LOUISE: My mother was excited by anything artistic. She loved the Gilded Cage, Philadelphia’s first bohemian coffee-house, where artists and writers – maybe a few queers – drank Earl Grey Tea and espressos. Once, she took me along with her to a drawing class at The Print Club, and I was totally disinterested. I was a serious athlete, playing competitively on the Haverford High School girl’s basketball team. But the instructor said, “Louise, why don’t you do a drawing?” He put a board on an easel and gave me a pencil; they had a nude model, which I’d never been around before. I did a drawing and thought, that looks pretty good. Everybody in the class came over and went WOW. My mother, I thought my mother was going to have a heart attack. She was showing me what she was doing and suddenly I became the center of it. That was the first time that happened: I thought, oh, I can draw.
INGRID: At ICA last year, a group exhibition of artist’s emotionally charged correspondence, organized by the queer and feminist art initiative Ridykeulous, included your small five-part Letter to My Mother about Painting (1972-73). It sounds like your mother opened up the field of art to you, yet this painting looks murderous.
LOUISE: I know exactly where that anger came from. When I got that painting into the Whitney Biennial, I thought look how long it took me to get around to doing this. I had struggled for years to make sure my mother didn’t think I was going to be an artist. Even though making art is all I wanted to do and did, I did not want to succeed and I fought every way I could. In a rage, I went to the studio on Mercer Street and put up a piece of paper and wrote “Angry Louise!”
It was so upsetting, I had to turn the paper to face the wall. Then I thought, I’m going to make one for Esther, with whom I was living. So, I made Angry Esther. Then I made one for my friend the writer Bertha Harris. I made ones for all of the women in my group, then all the people important to me, like Ti-Grace. Every one of them who came to my studio and saw her painting was really upset. It was as if I’d gotten inside and exposed this anger with which we all identified. They were portraits, somehow, the Angry Paintings, and they had so much power.
INGRID: It’s significant, then, what a relatively small and contained body of work it is. Like a powder keg, the Angry Paintings liberated you to pick up a knife and start painting again. I’m thinking of that series from the mid-seventies, in which the paint is slathered on disks of Masonite with a blade, then incised. There’s even razor blades embedded in the bruise-blue impasto surface of one of them. These works are sculptural as objects, but your painting in general, it gestures, are full of slashing strokes and cutting physicality. Are you a latent sculptor, Louise?
LOUISE: I would say so. I’ve had crises at various moments, like in the 1908s when I did that portrait of myself as a man. I was in my studio on Eighteenth Street and across the street was a chain factor. And it struck me, what is it I’m doing? This is not meaningful. Chains have a function. Painting doesn’t do anything. It sounds a little bizarre, but I wanted something from m work that was much more concrete.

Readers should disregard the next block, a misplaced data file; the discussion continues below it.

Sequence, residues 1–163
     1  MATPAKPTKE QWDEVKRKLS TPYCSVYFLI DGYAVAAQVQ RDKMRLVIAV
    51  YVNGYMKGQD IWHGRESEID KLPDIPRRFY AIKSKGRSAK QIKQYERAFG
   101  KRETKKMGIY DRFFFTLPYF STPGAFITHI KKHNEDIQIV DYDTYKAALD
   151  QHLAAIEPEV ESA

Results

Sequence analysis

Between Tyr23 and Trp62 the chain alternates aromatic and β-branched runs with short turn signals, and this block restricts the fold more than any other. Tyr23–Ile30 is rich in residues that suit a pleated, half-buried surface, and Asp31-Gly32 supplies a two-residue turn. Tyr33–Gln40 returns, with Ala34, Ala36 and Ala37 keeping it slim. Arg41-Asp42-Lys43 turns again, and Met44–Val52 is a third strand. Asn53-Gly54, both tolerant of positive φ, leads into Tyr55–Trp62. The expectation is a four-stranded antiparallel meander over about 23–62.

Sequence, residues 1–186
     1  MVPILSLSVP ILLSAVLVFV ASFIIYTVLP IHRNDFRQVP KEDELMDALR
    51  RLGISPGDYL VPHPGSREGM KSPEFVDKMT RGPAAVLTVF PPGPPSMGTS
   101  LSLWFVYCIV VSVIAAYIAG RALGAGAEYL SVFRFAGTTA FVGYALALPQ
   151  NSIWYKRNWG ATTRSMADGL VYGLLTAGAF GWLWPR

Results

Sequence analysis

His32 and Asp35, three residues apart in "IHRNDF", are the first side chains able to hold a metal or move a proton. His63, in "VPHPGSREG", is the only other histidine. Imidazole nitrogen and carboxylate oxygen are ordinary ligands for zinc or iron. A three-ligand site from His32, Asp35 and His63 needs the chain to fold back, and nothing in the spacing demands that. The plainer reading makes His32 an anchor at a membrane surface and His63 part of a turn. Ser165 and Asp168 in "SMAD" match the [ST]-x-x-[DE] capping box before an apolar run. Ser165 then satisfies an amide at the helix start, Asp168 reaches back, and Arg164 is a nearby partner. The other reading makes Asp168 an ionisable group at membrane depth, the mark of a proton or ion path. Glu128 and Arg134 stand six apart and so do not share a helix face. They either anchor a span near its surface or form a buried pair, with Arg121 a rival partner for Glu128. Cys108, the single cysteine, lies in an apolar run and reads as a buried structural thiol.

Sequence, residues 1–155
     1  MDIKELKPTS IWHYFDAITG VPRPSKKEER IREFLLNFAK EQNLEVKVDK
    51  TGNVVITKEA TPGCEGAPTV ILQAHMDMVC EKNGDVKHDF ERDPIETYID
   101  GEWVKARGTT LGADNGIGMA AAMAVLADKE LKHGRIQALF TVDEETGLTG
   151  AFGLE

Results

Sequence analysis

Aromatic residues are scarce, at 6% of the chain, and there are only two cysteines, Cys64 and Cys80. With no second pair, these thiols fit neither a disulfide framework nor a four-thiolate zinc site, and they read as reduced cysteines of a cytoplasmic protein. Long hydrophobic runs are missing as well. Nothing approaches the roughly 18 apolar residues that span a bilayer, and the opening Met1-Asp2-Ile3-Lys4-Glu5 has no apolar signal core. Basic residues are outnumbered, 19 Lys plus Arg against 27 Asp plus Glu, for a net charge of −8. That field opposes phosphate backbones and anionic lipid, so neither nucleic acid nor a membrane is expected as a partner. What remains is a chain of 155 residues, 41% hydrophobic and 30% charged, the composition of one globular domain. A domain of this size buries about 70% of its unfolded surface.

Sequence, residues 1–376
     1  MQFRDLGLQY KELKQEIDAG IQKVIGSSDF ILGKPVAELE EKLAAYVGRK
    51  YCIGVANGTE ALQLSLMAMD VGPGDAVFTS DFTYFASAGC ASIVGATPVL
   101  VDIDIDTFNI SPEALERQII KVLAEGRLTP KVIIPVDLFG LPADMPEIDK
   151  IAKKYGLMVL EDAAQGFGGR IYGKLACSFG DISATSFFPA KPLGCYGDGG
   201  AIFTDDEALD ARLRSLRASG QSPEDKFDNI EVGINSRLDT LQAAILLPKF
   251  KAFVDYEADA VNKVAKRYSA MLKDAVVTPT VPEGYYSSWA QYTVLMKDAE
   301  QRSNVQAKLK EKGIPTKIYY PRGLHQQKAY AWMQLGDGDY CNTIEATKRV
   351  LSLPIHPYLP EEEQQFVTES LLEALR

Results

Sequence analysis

INGRID: I was interested to come across a trove of early ceramics. Stoneware slab work, not thrown but folded and paddled into vessel forms.
LOUISE: I was very fortunate when I was at Tyler to study with Rudy Staffel. Learning to use a kick wheel is really hard, which is maybe why I loved doing it, because it was so athletic – all that kicking. Rudy would put his hand gently over yours to show you what kind of weight to use.
INGRID: It’s nice you can still feel his hand. Though your ceramics, I must say, are the antithesis of Rudy Staffel’s porcelain “light-catchers.”
LOUISE: In graduate school at the University of Illinois, there was a good ceramics teacher and I did mostly hand-built pieces. The desire to move into three-dimensional form has always been there. Early on, I did some woodcarving and a lot of modeling from life in plasticine. One time, when I was studying at the Fleisher Art Memorial, a teacher came over and while he was talking to me – he was nervous – he was touching the clay. “Get your hands off my sculpture,” I said. Apparently the faculty had a meeting about me, the woman in the white turtleneck sweater, and how difficult I was. I could be nasty. I remember walking into a jazz bar in Philadelphia to see Nina Simone and saying hello to some people I knew; they later told me how much I scared them. Really I was just so anxious. I wanted to be Giacometti and that wasn’t going to happen. I couldn’t afford the materials or the space. I could afford to paint in my parent’s basement and that’s what I did.
INGRID: When you started painting on canvas again in the late 1970s, how did you approach scale?
LOUISE: Like you said, with a knife! I never used a brush or added any medium. It was very gradual working my way back to oil paint and linen, actually.
INGRID: So the paint itself was slab-like?
LOUISE: Yes, and the work was modest in scale. Then I went to the MacDowell Colony in July 1980 and returned with all of these really little paintings, based in scale on the predella panels of Duccio’s Maestà altarpieces, which I saw on my first trip to Italy, in 1979. That was the first time I worked on small paintings. It was also my first time using a curved mark since my student years; up to this point, I was using only horizontal and vertical elements. The miniature paintings that I did thirty years later come out of finding these stunningly small stretched canvases at an art supply store in Berlin, where I was having a show in 2008.
INGRID: What is the relationship between the miniatures and your large paintings?